Sutton Hoo: The Excavation of a Royal Ship-Burial

Sutton Hoo: The Excavation of a Royal Ship-Burial

Sutton Hoo: The Excavation of a Royal Ship-Burial

Sutton Hoo: The Excavation of a Royal Ship-Burial

Excerpt

It is a commonplace that in the veins of most modern Englishmen there runs the blood of many ancestral peoples. We may turn for example to Daniel Defoe who, in 1703, gave us 'The True-born Englishman', in which he descanted on the mixed descent and summarised it with

'The Western Angles all the rest subdued,
A bloody nation, barbarous and rude,
Who by the tenure of the sword possessed
One part of Britain, and subdued the rest.
And as great things denominate the small,
The conquering part gave title to the whole;
The Scot, Pict, Briton, Roman, Dane, submit,
And with the English-Saxon all unite.'

And then he goes on the satirise at greater length the Norman strain in the hotch-potch.

But this mongrelism, as it is often called, can be and often is somewhat exaggerated. For Angles, Saxons, Frisians, Jutes, Danes and Norsemen were little more than tribal names of folk of closely-related stocks, of cognate speech and culture. Normans too were transplanted Norsemen somewhat modified by admixture with Saxons and Franks, another northern tribal group. And though the ancient British element, itself compounded of many strains, has modified the 'Nordic' mixture, it has still to be shown that its proportion is considerable in the English amalgam.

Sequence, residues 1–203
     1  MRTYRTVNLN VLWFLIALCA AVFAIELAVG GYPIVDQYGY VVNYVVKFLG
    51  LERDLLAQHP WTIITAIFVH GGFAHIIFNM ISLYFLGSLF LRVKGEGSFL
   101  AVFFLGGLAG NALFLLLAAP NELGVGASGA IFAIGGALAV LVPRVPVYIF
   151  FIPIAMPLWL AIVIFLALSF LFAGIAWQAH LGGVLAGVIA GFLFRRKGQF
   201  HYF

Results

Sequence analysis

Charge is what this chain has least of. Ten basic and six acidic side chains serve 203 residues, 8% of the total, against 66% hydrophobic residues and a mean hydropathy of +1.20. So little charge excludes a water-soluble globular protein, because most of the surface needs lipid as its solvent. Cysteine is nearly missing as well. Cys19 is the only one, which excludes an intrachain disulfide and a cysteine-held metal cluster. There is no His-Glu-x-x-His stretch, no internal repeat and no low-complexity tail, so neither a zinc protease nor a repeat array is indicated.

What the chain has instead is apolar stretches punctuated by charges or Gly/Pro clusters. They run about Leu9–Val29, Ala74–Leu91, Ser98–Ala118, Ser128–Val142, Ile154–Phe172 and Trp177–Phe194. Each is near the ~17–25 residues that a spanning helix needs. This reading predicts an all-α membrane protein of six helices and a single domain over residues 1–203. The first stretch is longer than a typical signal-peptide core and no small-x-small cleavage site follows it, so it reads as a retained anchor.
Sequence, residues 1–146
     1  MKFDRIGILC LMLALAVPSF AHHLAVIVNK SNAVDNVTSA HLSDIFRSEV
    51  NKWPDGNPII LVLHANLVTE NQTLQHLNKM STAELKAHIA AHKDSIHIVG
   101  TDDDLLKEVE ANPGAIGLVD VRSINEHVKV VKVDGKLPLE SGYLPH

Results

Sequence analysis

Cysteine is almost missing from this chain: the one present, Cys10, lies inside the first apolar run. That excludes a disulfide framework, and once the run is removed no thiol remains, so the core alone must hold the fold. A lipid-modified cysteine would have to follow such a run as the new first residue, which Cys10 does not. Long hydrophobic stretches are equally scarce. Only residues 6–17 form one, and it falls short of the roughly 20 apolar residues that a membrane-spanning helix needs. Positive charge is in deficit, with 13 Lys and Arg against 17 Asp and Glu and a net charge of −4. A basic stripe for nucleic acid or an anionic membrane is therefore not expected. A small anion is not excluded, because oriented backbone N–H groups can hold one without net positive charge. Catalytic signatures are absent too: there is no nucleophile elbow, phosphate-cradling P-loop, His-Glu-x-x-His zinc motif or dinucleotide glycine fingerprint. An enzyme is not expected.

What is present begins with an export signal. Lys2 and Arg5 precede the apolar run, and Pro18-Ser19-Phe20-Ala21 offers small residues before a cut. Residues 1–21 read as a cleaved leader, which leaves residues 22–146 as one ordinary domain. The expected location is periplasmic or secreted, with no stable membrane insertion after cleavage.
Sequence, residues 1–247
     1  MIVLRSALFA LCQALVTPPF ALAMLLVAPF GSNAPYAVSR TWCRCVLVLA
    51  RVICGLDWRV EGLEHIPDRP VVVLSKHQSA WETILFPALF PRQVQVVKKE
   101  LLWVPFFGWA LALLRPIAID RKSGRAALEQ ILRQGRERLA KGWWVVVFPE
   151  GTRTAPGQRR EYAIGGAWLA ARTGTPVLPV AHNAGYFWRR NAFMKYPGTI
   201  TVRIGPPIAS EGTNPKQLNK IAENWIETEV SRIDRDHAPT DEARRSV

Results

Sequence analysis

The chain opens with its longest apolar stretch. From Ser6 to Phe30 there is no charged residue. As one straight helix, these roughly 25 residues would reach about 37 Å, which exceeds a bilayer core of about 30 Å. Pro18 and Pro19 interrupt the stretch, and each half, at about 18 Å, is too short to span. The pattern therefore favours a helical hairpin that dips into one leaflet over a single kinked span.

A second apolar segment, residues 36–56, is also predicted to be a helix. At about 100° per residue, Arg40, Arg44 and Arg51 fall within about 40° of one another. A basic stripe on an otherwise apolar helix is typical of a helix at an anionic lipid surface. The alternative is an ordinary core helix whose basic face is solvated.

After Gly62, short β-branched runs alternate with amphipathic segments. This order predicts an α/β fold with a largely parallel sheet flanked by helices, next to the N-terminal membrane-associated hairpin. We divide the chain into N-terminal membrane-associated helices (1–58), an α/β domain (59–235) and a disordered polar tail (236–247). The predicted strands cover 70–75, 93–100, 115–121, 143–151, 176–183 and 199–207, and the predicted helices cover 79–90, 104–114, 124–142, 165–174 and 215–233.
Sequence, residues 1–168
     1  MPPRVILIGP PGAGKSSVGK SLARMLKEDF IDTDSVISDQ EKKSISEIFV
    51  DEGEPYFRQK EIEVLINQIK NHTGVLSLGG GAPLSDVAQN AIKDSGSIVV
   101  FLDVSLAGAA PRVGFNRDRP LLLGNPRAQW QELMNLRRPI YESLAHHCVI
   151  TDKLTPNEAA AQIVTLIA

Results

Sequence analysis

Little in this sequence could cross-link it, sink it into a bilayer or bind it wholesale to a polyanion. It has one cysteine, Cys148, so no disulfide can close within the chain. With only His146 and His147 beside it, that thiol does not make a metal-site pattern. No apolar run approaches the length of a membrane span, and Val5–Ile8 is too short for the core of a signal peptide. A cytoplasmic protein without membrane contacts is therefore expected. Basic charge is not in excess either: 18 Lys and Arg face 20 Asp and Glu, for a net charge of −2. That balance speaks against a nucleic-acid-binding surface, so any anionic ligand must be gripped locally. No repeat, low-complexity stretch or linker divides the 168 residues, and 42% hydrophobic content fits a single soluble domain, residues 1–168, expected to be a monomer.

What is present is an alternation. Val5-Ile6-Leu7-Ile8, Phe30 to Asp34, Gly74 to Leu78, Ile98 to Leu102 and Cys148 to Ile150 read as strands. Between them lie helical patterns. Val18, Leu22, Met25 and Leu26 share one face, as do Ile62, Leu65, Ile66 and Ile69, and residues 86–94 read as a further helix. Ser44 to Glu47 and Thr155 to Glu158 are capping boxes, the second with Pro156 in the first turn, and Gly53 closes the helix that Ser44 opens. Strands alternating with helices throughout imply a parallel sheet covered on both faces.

many attempts have been made to prove this: to show, as one writer put it, that in 'those dark and anarchic centuries when, as we conjecture, a certain (probably small) number of North Sea pirates and revolted German mercenaries achieved a measure of political power an perhaps a certain infusion of new blood in the deserted province of Britain. Nay, it actually became a part of English patriotism to prefer this dingy and unattractive origin for our nation to the grandeur of a highly civilized part of the Roman Empire."

But no competent student of the Dark Ages holds this extreme view. And as modern Dark Age Studies progress, the mixed Anglo-Saxon and Scandinavian origin of a large proportion of the English nation becomes ever clearer. It must be noted too that from the first, the settlers commmonly called themselves English. Alfred the king, himself a West Saxon, always . . .

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